Hospital disclosure and apology programs healing for both physicians and patients
Admitting fault and apologizing are skills that don't come naturally to many physicians, not because they are physicians, but because they are human, says Daniel O'Connell, PhD, master trainer and course manager at the Institute for Healthcare Communication in New Haven, Conn.
Although more organizations are moving toward apology and disclosure programs and healthcare attorneys are no longer advising physicians to stay mum, physicians are still having a hard time saying "I'm sorry."
MSB sat down with O'Connell, who has led apology and disclosure programs at Bay State Medical Center in Springfield, Mass. and Yale School of Medicine, among others, to find out why apologizing is so difficult and what physicians and medical staff leaders can do to reach a successful resolution to a poor clinical outcome.
MSB: Why have physicians found admitting errors to patients so difficult?
DO: Ultimately, physicians think like everyone else: If I tell the truth, I could get myself in trouble, and since I've done something that the other person doesn't approve of, one option is to tell lies of omission or commission and hope they are never uncovered.
Disclosing the truth is also hard to do because it is difficult to say that X actually caused Y. Medicine is complicated enough that people of good will could disagree on what caused Y. Therefore, even if I wanted to tell you the truth about everything, the truth is sometimes quite complicated.
But it is not just psychological; there is a business perspective. Physicians pay damages in liability claims through insurance companies, so they are beholden to the preferences of the insurance companies, which have traditionally concluded that they can do better by waiting for claims and lawsuits to be filed than by encouraging their insured physician to deal with the adverse medical outcomes in a straightforward manner.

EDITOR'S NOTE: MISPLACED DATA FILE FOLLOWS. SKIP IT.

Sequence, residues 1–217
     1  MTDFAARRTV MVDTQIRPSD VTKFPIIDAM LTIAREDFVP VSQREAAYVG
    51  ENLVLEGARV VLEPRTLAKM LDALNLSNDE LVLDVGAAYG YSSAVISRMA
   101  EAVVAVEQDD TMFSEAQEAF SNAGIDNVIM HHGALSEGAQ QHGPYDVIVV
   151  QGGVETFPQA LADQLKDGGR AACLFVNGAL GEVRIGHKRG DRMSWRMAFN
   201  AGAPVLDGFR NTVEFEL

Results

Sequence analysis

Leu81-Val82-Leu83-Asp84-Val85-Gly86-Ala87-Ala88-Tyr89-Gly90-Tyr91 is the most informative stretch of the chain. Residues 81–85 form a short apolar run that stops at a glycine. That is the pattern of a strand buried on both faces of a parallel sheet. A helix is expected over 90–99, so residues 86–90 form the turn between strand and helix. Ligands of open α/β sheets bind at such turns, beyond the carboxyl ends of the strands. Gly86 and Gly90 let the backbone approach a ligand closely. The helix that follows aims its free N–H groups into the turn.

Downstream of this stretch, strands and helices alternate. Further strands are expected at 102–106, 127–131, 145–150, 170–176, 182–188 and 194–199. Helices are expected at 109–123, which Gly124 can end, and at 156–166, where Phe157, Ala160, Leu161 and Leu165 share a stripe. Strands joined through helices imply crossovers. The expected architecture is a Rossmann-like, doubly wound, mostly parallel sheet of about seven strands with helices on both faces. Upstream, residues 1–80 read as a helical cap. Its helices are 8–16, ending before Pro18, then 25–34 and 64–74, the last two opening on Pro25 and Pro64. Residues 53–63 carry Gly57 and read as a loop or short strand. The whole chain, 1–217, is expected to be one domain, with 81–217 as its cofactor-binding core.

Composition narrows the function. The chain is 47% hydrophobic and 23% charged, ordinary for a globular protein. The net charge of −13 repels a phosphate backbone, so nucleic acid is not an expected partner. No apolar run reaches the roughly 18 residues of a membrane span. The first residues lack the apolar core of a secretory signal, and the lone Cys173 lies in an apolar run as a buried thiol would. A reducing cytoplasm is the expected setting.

MSB: How do patients benefit from physician apologies and disclosures?
DO: If, after an adverse outcome, the physician doesn't answer a patient's questions about causation, fails to express sympathy, or behaves defensively or with condescension, then no one would see that as psychologically healing. And in America, how do you get someone's attention who seems to be ignoring your legitimate concerns? You sue them.
But if a physician deals with a medical mistake straightforwardly, apologizes, explains the truth, and gets his or her insurer involved, maybe the patient or family wouldn't be so infuriated that they and a jury agree that they need millions of dollars in compensation.
MSB: So, organizations benefit from apology and disclosure programs because it saves them money.
DO: The research is starting to show that by dealing with adverse outcomes proactively, organizations can save money. First, they won't spend a quarter of a million dollars on legal fees defending the claim all the way through a trial only to settle on the courthouse steps.
Second, the organization will be dealing with a patient or family member who has no extra source of bitterness, meaning they are less likely to sue for tens of millions of dollars. The patient might have a sad situation, but if they are dealing with a thoughtful organization that is genuinely apologetic and humble, that will help the patient solve the problem, the patient is more likely to accept a more reasonable amount of money.
In states with no cap on noneconomic damages, juries award many millions of dollars for pain and suffering.
MSB: How can practitioners successfully resolve adverse outcomes?
DO: We teach that there are four elements to a successful resolution to an adverse outcome, and the first is ethical. Every practitioner has an obligation to first do no harm. If a practitioner deceives a patient, he or she has probably harmed the patient.